"UFOs in 15th century paintings"
By Richard Owen
December 04, 2002
ITALY'S Old Masters were recording flying saucers and UFOs in their
paintings as far back as the 15th century, according to a scientist
Roberto Volterri argues that artists dating back to 1406 included
evidence of "strange objects in the sky" for later generations to
see. He says that far from being the product of the paranoid Cold War
years, UFOs were documented but overlooked because they were often
extraneous to the subject of the painting and could only be explained
as "testimonials of something seen or heard about".
Volterri, 56, an archaeologist by training, specialises in the
measurement and analysis of metallic objects. He said he had spent
his working life in a thoroughly down-to-earth environment of cold
and rational calculation and sophisticated and precise instruments,
but he was convinced science did not have all the answers.
"I have been fascinated by the inexplicable since I was a boy," he
said. "Scientists tend to dismiss what cannot be rationally explained
as belonging to the realm of fantasy. But it is the job of science to
examine what seems mysterious, not to dismiss it out of hand."
He has published a book, As the Ancient Chronicles Relate, in which
he claims to show that past generations have also wondered whether
there is life beyond that on earth.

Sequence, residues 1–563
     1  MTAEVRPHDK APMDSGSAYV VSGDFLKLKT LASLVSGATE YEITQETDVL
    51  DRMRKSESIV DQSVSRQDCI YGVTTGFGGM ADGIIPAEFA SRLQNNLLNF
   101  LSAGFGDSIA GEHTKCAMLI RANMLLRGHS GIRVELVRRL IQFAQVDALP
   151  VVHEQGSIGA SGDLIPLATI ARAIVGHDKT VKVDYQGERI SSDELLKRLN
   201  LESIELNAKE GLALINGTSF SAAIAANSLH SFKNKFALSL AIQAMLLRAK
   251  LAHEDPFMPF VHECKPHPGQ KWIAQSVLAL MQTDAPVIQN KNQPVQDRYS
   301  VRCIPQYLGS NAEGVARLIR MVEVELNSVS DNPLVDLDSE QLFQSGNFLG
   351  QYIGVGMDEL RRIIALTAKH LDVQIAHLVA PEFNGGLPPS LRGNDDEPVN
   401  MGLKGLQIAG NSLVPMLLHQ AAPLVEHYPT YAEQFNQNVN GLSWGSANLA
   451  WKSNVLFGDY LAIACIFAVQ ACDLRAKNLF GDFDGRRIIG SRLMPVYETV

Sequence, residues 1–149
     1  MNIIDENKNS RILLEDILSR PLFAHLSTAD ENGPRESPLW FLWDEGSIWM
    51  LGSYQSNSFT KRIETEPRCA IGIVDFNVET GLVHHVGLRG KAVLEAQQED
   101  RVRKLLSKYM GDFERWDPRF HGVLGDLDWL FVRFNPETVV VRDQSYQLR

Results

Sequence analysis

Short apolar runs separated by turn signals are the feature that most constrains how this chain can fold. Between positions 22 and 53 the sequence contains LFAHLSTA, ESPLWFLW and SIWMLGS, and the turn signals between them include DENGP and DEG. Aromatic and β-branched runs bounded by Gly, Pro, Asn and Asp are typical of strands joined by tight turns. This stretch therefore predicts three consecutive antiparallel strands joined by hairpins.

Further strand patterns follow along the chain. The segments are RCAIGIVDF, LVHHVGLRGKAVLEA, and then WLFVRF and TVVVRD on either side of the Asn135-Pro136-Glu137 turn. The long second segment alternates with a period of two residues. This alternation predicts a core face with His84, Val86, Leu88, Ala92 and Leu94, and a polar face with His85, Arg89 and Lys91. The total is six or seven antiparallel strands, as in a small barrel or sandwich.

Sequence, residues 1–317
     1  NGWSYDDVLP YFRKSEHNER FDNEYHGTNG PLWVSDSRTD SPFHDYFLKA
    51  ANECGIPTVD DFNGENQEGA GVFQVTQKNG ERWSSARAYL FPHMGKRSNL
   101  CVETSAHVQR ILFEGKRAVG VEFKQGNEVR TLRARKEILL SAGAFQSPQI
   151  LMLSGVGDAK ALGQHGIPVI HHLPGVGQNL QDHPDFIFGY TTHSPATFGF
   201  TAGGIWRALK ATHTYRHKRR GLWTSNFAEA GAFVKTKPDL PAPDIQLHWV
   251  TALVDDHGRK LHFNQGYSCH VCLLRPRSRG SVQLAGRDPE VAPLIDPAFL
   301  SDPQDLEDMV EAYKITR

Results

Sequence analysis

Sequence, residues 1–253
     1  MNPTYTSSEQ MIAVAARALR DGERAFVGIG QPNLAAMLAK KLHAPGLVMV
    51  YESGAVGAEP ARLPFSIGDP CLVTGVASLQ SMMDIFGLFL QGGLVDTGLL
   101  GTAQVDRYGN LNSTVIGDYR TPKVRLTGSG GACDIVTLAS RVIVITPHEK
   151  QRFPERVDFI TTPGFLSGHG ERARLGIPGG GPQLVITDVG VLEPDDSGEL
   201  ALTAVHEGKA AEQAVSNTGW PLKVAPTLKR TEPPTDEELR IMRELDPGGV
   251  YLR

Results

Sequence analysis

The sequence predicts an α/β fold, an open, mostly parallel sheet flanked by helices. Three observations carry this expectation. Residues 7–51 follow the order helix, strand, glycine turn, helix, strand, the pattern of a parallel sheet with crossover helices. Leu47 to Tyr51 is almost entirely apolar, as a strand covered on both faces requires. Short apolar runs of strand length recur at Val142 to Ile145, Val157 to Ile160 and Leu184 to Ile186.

Perhaps the most striking example is The Madonna and St John,
attributed to Fra Filippo Lippi (1406-1469) and kept at the Palazzo
Vecchio in Florence. In it a man and a dog are clearly gazing up at a
UFO-type object behind the Virgin Mary's shoulder. No less baffling
is a painting by Masolino da Panicale (1383-1447), The Miracle of the
Snow, painted in 1429 and kept at the Capodimonte Museum in
Naples. "The painting shows a real event in Rome in the second half
of the fourth century AD," Volterri said. "But what are these
strange, dark, elongated clouds in the shape of UFOs?"
Volterri said he had compared these with photographs taken in 1955 in
Namur, Belgium, which purport to show cigar-shaped UFOs. By contrast,
Glorification of the Eucharist, by Bonaventura Salimbeni (1567-
1613), in the church of San Lorenzo in San Pietro, at Montalcino near
Siena, shows "what looks very like a satellite such as the Russian
Volterri said that in La Tebaide, by Paolo Uccello (1397-1475),
objects in the sky were identical to photographs taken of supposed
UFOs in the US in the 1950s and 6Os.
But Martin Kemp, professor of the History of Art at Oxford
University, said the "Renaissance UFOs" had a perfectly rational
"Many artists used their imaginations to represent celestial or
sacred powers," he said. "The objects in Masolino da Panicale's
painting were not UFOs at all but merely clouds schematised to fit in
with his perspective."